27 April 2005

My own Anzac Day experience

BerlinBear avatarFor a couple of days I've been meaning to post about my own Anzac day experience here in Berlin, but various other things have got in the way. But now, finally, here goes.

It occurred to me that many of you who read my blog aren't from either New Zealand or Australia, so all this Anzac day palaver might be completely new to you. For your benefit, here is a brief potted history of Anzac day, lifted from the programme at the service I went to.
The History of Anzac Day

The Anzac tradition - the ideals of courage, endurance and mateship - was established on 25 April 1915 when the Australian and New Zealand Army Corps landed on the Gallipoli Peninsula.

It was the start of a campaign that lasted eight months and resulted in over 130,000 casualties from both sides. Of these, the 11,410 Australians and New Zealanders represented a huge loss for he two fledging nations.

The men who served on the Gallipoli Peninsula created a legend, adding the word Anzac to the Australian and New Zealand vocabularies and creating the notion of the Anzac spirit.

In 1916, the first anniversary of the landing was observed in Australia, New Zealand and England and by troops in Egypt. That year, 25 April was officially named Anzac Day by the Acting Prime Minister of Australia, George Pearce.

That little piece, though it is nice and succinct, omits a few key details:
1) The entire Gallipoli campaign was an unmitigated disaster for the Allies. It completely failed to achieve any of its strategic aims whatsoever.
2) The campaign itself was the hare-brained idea of none other than Winston Churchill. It was intended that by taking the Gallipoli peninsula, Allied Troops would control the Dardanelles, thus freeing up the way for an advance on Constantinople (now Istanbul) and knocking Turkey out of the war. None of that happened.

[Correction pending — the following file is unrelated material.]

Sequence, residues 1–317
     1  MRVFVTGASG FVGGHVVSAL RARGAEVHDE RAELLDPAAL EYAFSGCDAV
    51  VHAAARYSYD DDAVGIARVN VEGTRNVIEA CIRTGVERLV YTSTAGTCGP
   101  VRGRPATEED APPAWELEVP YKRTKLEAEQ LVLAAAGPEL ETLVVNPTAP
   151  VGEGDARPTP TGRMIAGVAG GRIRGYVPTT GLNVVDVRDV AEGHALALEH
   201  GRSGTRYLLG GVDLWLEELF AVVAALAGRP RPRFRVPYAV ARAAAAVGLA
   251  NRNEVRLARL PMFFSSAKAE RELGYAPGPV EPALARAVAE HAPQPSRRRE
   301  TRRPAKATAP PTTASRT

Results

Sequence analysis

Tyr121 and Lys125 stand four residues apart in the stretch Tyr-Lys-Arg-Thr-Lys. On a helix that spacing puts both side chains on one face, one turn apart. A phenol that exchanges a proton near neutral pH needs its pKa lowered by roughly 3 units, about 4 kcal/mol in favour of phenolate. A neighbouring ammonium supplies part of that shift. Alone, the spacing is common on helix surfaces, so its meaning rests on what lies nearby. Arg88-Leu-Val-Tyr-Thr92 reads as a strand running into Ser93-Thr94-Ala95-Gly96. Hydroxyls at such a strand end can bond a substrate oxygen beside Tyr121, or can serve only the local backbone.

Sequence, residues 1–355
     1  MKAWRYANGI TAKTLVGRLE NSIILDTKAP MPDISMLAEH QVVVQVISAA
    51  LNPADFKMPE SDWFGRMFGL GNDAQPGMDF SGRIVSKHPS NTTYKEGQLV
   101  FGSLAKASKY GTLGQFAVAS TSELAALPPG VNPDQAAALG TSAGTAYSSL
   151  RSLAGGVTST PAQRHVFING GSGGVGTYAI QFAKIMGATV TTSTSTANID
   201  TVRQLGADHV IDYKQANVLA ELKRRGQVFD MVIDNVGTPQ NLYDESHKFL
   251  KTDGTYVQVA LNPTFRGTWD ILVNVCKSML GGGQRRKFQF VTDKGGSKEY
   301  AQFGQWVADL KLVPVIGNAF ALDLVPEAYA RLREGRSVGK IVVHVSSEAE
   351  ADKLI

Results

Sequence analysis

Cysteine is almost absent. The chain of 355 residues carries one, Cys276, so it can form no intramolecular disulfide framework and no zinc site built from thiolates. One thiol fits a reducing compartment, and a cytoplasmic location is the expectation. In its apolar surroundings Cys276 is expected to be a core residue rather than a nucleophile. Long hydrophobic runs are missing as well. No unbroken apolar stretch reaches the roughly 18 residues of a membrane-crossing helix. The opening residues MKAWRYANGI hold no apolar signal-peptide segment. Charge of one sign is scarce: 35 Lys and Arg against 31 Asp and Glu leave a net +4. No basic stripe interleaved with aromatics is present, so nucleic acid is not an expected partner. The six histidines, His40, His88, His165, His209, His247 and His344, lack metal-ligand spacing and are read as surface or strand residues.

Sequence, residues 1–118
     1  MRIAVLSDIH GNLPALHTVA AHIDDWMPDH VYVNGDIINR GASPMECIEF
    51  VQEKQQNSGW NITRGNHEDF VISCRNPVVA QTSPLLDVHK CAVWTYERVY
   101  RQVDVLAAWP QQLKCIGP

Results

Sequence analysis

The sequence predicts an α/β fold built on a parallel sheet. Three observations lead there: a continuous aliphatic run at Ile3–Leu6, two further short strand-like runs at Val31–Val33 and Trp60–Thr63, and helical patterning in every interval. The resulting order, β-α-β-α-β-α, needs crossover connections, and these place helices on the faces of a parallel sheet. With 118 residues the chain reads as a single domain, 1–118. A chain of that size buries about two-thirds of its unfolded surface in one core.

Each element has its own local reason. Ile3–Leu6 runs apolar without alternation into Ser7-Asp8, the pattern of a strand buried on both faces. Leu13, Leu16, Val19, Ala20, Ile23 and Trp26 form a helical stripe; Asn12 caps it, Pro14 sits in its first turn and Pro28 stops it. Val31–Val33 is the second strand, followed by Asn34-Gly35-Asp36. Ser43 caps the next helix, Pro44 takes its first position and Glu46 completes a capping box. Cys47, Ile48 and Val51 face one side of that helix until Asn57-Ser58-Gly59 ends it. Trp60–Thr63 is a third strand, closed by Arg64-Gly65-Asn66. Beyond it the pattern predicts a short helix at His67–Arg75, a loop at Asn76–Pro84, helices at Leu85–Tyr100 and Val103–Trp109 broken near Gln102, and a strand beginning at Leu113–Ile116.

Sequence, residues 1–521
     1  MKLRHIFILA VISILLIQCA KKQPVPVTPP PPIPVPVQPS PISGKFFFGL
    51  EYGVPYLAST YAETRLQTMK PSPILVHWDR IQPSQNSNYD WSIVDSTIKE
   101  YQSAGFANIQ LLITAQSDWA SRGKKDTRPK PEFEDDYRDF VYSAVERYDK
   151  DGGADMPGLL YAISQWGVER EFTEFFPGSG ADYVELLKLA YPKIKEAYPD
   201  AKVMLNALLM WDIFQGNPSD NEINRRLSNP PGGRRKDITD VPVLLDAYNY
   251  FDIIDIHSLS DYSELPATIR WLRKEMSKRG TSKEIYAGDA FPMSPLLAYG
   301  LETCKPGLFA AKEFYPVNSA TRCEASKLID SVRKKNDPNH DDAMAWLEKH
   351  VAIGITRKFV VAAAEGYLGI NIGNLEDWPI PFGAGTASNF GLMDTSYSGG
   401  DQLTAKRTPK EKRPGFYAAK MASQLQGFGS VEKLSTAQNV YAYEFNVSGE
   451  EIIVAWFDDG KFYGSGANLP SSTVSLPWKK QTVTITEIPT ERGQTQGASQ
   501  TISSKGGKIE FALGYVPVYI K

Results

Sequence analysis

3) The generals, admirals and commanders in charge of the campaign hopelessly underestimated their opponent, and had no clear idea of how they should best go about achieving their strategic aims. They were, essentially, blundering about cluelessly in the dark, sacrificing young men's lives by the thousand.
4) The Anzac casualties were vastly outnumbered by the French, British and Turkish casualties (in that order), though of course on a per capita of population basis the New Zealanders and Australians were the hardest hit.
5) The Turkish troops were led in this campaign by Mustafa Kemal (who later renamed himself Kemal Ataturk), who made a name for himself as a brilliant leader and strategist and went on to found modern Turkey.
6) Perhaps most importantly, the campaign bred amonst the Anzac troops a strong and healthy respect and admiration for the bravery, stubbornness, and sheer willpower of the Turks against whom they were fighting, and vice versa.

I only mention that last point because it will help to understand certain aspects of the service I attended, discussed below. If you're interested, you can find more on the history of the Gallipoli campaign here, and here. In book form, I can also heartily recommend L.A. Carlyon's Gallipoli

Anyway, enough background.